In my limited testing I had no problem accessing anything I tried to access when I’ve been traveling of late from either a Windows machine or a Mac. Media files came in as fast as my connection allowed them to do so, as did other files an everything worked essentially as advertised. Depending on the amount of storage you want to purchase from HP initially the price starts at $699 for 1TB, jumps to $859 for 2TB and $999 for 3TB. Given the hot swappable nature of the device and the freedom to add your own storage internally and via the external ports, you could create a pretty expansive set up if that’s your desire.

HP Data Vault Giveaway
Don’t forget that GottaBeMobile is participating, along with several other sites, in a contest that has GBM and the other sites each giving away a HP Data Vault x510 valued at approximately $700. Stay tuned for how to win a Data Vault from GBM. We’ll be announcing details shortly. Here’s a list of the sites participating:

Warner Crocker is a professional theatre director, producer and playwright and also a Tablet PC enthusiast. He is also a Microsoft MVP for Tablet PCs. Send email to Warner. You can follow him on Twitter or Google+

5 Comments

  1. Tatej

    04/19/2010 at 7:39 am

    I have been using an ex470 media smart server for 18 months. It has operated flawlessly. My only issue is that I have all the drive slots occupied with 1tb drives and I am running out of space. I’m looking into adding external storage.

    Btw, I just did a full recovery of my tablet pc this weekend. Works like a charm. I just put in the recovery disk (an image is stored on the server) and an hour later I had a fully restored tablet.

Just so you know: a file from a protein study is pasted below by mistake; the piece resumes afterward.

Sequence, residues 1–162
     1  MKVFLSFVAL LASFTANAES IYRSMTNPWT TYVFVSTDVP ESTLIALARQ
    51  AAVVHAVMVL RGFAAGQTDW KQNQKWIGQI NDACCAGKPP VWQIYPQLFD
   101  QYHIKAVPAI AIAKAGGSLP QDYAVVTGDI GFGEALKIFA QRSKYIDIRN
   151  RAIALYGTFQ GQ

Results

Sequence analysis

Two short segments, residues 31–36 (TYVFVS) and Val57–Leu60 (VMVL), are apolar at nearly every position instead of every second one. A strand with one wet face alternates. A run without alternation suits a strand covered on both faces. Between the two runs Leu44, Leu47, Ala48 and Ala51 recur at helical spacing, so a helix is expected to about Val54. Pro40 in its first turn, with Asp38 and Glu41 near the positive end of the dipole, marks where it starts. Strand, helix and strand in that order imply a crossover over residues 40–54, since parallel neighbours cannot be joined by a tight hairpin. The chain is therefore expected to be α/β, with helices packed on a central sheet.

I highly recommed these servers.

  2. Mark Wharton (K0LO)

    04/19/2010 at 7:53 am

    Warner:

    Glad to see you evaluating Windows Home Server. Tt’s been my favorite backup solution after trying them all. The fact that backup occurs automatically overnight ensures that it will get done on a regular basis. Manual backup solutions often fail if they depend on the user doing something, especially if that “something” is difficult or time consuming. And the de-duplication technology used for incremental backups results in very efficient use of backup storage space. After 6 months of backing up 4 PCs daily, the WHS backup database is only 115 GB.

    My WHS box is homebrew project consisting of a small form-factor Shuttle enclosure with low-power mobile processor and 2.5 inch hard disk. So if you can’t afford to spring for one of the HP pre-built servers you can always roll your own.

  3. Xavier Lanier

    04/19/2010 at 8:30 am

    I bought the MediaSmart EX495 last fall and this looks like a mirror image – a good thing in my book. The de-duplication feature really slims down the amount of drive space used.
    My only concern has been that all of my backup ‘eggs’ are now in one basket- what if the WHS fails? To help alleviate my fears, I dupe everything over to a 1.5TB external eSata drive.

  4. Joey

    04/20/2010 at 10:38 am

    I just bought one of those babies 2 weeks or so ago, and I’m wondering how I have lived without one for so long!

    Its sooo easy to use, and it does all my downloads, manages my pics, videos and backups.
    I use it to stream media to my living room (using a media player) and play music where ever I am (over internet if needed :-)).

    Although I started off with the 1Tb version, it took me 2 weeks to require a second disk. That said I still think the best value for money is the 1Tb edition and to buy your own additional disks.
    the prospect of scaling up to 17Tb is sweet and geeky at the same time :-)

  5. Ken

    04/26/2010 at 12:11 am

    Thanks Warner for your link to our site. It’s a fun month filled with HP giveaway. I hope our reader can enjoy and have fun with it. Anyways, I just kicked start the contest on our site, so I would like to invite anyone here who love to win some Great freebies to check it out. :)

    Best Regards

    Ken